1033 Understanding the Role of Eddy Vorticity Fluxes on Rapid Intensification of Hurricanes Irma and Michael

Wednesday, 15 January 2020
Hall B (Boston Convention and Exhibition Center)
Alrick Green, San Jose State Univ., San Jose, CA; and S. Gopalakrishnan, S. Chiao, X. Zhang, and G. J. Alaka Jr.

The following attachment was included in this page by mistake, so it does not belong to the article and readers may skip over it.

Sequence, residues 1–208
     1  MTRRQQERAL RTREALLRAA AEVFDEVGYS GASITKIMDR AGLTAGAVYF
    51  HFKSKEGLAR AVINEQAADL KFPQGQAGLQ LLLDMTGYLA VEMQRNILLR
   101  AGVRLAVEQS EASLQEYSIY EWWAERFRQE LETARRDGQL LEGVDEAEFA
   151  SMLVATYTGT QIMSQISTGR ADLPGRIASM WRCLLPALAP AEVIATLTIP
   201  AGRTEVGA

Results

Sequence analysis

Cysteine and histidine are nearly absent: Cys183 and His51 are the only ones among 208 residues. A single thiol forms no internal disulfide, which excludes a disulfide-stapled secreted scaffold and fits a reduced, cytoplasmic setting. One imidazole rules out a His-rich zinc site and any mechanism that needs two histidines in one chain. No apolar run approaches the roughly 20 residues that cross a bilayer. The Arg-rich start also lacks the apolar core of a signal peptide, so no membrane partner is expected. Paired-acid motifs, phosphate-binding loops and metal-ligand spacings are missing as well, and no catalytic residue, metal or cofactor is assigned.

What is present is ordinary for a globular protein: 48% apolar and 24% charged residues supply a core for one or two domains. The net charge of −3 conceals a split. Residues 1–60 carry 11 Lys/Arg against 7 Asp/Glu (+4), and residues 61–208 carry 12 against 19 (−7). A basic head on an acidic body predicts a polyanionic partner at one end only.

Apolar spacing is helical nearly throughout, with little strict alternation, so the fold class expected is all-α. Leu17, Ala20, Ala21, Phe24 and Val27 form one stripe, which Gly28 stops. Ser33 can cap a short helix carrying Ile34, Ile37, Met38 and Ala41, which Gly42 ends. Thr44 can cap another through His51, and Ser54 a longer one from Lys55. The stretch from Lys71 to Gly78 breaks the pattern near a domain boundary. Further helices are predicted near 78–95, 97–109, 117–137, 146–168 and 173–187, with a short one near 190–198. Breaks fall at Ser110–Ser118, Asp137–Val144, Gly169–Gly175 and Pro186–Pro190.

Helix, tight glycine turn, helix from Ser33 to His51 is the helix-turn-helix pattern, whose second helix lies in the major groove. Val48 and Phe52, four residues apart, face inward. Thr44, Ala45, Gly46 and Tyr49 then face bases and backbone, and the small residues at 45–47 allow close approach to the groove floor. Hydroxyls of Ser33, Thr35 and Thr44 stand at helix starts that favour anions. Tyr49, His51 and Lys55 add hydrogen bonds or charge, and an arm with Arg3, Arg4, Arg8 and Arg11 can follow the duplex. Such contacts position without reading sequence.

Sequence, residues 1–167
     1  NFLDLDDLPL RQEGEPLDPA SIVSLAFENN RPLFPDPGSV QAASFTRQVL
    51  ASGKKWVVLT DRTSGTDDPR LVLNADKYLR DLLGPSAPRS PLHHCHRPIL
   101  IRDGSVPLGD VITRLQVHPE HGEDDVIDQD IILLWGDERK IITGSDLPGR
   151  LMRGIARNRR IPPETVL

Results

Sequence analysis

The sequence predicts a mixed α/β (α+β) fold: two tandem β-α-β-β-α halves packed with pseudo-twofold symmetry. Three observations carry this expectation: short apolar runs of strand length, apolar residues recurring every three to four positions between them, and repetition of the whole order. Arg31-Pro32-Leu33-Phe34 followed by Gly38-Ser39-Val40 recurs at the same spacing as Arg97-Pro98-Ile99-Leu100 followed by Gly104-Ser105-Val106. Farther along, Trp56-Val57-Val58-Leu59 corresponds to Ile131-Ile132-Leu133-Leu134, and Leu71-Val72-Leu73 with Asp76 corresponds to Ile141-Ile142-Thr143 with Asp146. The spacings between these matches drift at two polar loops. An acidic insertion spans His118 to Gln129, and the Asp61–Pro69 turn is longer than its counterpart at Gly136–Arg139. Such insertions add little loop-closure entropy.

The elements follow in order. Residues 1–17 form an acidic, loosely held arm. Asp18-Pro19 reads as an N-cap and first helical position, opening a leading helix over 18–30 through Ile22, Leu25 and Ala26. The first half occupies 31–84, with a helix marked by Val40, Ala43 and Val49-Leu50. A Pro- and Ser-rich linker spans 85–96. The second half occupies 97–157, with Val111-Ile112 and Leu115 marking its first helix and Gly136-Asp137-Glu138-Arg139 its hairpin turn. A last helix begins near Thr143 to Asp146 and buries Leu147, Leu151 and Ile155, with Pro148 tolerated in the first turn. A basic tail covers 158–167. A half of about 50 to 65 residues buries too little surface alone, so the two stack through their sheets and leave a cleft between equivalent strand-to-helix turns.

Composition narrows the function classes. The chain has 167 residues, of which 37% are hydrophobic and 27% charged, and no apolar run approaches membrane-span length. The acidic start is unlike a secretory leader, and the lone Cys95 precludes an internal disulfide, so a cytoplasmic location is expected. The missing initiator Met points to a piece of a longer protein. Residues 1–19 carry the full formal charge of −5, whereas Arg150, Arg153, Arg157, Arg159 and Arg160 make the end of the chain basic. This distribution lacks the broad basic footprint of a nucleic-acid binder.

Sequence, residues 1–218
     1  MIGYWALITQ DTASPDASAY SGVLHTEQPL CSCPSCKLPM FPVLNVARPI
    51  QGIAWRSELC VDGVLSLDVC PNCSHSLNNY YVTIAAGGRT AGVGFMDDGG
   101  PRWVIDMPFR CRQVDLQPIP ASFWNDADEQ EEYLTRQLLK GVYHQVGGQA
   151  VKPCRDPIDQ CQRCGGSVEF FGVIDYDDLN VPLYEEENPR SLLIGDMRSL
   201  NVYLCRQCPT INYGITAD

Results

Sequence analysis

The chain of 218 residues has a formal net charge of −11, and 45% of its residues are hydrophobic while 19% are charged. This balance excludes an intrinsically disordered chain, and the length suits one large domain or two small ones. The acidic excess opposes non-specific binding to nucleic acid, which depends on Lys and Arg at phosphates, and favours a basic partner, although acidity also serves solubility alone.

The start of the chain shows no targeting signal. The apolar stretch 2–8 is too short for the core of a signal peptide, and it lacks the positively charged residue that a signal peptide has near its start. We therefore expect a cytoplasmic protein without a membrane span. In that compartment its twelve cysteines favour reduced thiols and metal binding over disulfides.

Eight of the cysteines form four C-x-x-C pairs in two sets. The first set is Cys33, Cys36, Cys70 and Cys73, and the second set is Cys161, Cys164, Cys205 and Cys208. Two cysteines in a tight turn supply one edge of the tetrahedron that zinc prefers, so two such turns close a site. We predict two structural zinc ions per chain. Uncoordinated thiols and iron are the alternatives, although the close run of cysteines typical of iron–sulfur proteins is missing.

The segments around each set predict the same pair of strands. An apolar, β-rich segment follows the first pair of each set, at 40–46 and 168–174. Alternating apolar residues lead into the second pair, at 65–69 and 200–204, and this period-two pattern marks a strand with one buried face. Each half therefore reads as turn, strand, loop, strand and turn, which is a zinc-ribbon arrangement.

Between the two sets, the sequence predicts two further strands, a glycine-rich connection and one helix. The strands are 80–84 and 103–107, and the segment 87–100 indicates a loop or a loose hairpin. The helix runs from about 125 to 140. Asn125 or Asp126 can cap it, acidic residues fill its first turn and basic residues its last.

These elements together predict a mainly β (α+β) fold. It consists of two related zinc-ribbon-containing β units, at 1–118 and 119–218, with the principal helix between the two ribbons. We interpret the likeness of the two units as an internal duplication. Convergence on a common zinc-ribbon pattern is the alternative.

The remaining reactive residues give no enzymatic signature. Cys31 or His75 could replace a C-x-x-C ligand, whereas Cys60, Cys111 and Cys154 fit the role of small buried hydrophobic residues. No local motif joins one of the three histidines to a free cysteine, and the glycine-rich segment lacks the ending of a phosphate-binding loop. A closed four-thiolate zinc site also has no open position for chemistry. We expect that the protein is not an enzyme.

The relationship between rapid intensification and environmental forcing is investigated for Hurricane Irma (2017) and Hurricane Michael (2018) using the Hurricane Weather Research and Forecasting (HWRF) model . Despite different environments, both Irma and Michael became major hurricanes that made landfall in the United States. Hurricane Irma rapidly intensified in an environment with weak vertical wind shear. In contrast, Hurricane Michael rapidly intensified in an environment of strong vertical wind shear. While Irma was predicted to intensify in a favorable environment, the forecast for Michael was more challenging because tropical cyclones typically do not rapidly intensify in similar conditions. The angular momentum budget is compared for these two hurricanes to identify similarities and differences in the pathways to intensification in varied environments. The eddy radial vorticity flux term is a focal point as previous studies have found it to have a significant role in intensity change and vortex spin up in sheared tropical cyclones.
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